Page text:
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This website is related to the Curtis Institute of Music's 201011 all-school study, the Paris Project.
Selected Artists and Their Native Countries
More on Paris Between the Wars Online
1918: The Allies and Germany sign an armistice, ending World War I.
1939: Britain and France declare war on Germany.
In between: Paris is a crucible of culture, mixing the music, writing, design, ideas, fine art, and fashion of artists from America, Russia, Germany, Spain, Belgium, and elsewhere in Europe with those of native Frenchmen.
Rendering of a postcard of Montmartre, Paris, 1925
The city and the middle class are on the rise. Leisure is law, as the eight-hour day is mandated in 1919. Welcome to the Parisian cabaret and sidewalk café, the cinema, theatre, art galleries, exhibitions, and boutiques. Spectacles spew excess in the 1920s. Dada, Futurism, Surrealism, and Cubism show the world not as the sharp-edged reality of the war just ended, but through filters that warp, reshape, and reimagine art, thought, and life.
Concert series and institutions devoted to new music abound, even as public tastes steer toward the conservative. A cluster of composers united at the conservatory defy a single, common characterization as their styles exert individual aesthetic traits. Neo-Classicism looks at the past in a contemporary light. Opera and ballet mingle on stage, just as its creative teams draw musicians, artists, and writers into rich collaborations. American jazz seeps into night clubs and sidles into concert halls.Back to top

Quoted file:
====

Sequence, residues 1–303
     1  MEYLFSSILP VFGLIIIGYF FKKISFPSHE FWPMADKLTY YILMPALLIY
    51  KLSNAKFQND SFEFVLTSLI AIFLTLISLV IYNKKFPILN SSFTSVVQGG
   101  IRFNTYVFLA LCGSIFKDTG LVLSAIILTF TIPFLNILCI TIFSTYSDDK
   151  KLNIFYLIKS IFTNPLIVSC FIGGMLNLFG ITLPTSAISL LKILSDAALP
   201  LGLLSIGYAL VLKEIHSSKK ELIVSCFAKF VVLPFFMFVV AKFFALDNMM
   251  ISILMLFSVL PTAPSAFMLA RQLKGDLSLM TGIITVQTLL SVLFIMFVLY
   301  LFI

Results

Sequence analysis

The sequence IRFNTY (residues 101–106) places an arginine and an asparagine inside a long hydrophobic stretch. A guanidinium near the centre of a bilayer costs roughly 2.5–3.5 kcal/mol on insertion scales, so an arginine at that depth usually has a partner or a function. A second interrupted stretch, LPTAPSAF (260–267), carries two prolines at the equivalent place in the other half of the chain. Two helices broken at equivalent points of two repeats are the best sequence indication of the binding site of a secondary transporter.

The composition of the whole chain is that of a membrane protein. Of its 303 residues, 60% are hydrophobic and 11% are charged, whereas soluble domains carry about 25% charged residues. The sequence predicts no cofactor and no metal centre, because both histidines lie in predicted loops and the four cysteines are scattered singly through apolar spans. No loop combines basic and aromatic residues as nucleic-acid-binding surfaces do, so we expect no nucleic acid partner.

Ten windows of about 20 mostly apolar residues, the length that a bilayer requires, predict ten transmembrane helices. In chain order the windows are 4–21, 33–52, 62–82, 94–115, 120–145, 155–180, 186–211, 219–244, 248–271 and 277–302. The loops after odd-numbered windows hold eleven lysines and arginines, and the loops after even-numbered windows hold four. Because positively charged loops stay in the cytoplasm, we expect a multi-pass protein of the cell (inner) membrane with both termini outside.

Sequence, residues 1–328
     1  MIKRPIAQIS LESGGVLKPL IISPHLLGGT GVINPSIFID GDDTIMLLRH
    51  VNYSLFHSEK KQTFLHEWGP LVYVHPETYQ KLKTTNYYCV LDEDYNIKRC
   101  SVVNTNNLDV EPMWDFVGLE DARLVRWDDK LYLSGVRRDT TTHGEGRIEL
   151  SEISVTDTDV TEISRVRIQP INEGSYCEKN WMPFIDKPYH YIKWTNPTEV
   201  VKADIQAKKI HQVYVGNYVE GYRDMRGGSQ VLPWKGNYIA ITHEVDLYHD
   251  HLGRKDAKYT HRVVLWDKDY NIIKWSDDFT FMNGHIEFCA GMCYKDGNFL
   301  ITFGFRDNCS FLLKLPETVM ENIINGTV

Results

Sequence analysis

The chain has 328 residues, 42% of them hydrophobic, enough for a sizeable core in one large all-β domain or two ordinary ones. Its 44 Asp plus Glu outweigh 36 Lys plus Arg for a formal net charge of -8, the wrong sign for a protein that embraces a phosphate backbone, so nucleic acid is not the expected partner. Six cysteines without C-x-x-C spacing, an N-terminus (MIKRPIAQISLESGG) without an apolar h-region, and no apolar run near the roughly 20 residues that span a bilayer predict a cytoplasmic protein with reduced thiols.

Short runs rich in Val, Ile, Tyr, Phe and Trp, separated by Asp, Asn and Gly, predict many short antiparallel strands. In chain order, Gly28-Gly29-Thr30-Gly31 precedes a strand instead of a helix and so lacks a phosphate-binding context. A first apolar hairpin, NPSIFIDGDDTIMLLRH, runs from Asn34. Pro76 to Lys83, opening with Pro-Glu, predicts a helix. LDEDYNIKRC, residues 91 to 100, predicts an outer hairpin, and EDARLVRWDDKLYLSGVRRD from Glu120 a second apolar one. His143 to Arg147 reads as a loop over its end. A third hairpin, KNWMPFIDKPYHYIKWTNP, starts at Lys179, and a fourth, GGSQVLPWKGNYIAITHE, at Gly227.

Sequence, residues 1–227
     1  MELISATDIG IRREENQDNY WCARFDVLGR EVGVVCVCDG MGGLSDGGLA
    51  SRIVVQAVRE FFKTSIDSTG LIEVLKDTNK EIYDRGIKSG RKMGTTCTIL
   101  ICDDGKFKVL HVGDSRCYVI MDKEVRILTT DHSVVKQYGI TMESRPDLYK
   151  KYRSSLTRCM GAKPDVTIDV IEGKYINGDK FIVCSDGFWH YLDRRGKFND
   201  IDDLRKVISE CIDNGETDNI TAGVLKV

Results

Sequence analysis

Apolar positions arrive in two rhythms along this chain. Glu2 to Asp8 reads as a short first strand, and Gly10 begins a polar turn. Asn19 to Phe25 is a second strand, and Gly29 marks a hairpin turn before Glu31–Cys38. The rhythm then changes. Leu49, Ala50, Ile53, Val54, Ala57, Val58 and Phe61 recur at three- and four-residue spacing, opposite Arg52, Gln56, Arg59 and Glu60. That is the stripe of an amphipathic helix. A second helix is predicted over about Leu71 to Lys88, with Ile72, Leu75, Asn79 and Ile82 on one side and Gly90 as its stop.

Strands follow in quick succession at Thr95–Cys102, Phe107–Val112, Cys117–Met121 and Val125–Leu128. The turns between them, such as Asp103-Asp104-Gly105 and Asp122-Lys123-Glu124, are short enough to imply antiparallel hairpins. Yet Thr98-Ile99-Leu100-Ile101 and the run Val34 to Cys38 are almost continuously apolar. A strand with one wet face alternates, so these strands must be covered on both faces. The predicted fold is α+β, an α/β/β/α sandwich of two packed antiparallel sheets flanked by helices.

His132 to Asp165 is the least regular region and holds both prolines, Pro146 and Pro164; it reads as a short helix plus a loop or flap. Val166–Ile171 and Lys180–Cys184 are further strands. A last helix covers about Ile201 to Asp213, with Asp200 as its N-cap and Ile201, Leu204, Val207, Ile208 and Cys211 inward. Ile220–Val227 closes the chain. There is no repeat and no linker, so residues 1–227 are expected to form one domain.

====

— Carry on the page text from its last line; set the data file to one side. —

Paris hosts international exhibitions, their topics and circumstances revealing the changing times, as the mood shifts from euphoric to ominous.
The 1925 Exposition de Arts Décoratifs draws modern designs from twenty-one nations, described by Carol Mann in Paris: Artistic Life in the Twenties and Thirties (Laurence King) as "defining a style that was also a way of life in a modern society beyond wars and revolution. ... Its jumble of Art Nouveau sinuosity, Ballets Russes gaudiness, and Cubist angularity have come to symbolize design for the whole period."
The 1931 Exhibition Internationale Coloniale looks to Africa and Asia to show "colonial style."
By the 1937 Exposition Internationale des Arts et Techniques dans la vie Moderne, the spotlight shines on art and science in the modern world. But the true drama comes from fear as hard to ignore as the imposing Russian and German pavilions that face each other, not far from the Eiffel Tower. In the Spanish pavilion, Picasso's Guernica gives current events a canvas, as he responds to the fresh conflicts between Spanish rebels and Nazi allies.Back to top
Paris the Luminous Years: Toward the Making of the Modern, article and video (PBS, 1:56:00)
WATCH: Seeing Paris #1 1920s, a tour of Paris landmarks by Burton Holmes (Travel Film Archive, 4:09)Back to top
PRINT AND ELECTRONIC RESOURCES ON INTERWAR PARIS AND THE ARTS
Grove Music Online, The Oxford Companion to Music, and The Oxford Dictionary of Music
Jackson, Jeffrey H., Making Jazz French: Music and Modern Life in Interwar Paris (Durham: Duke UP, 2003)
Mann, Carol, Paris: Artistic Life in the Twenties and Thirties (London: Laurence King, 1996)
Nichols, Roger, The Harlequin Years: Music in Paris 19171929 (Berkeley: UCalifornia P, 2002)
Shack, William A., Harlem in Montmartre: A Paris Jazz Story between the Great Wars (Berkeley: UCalifornia P, 2001)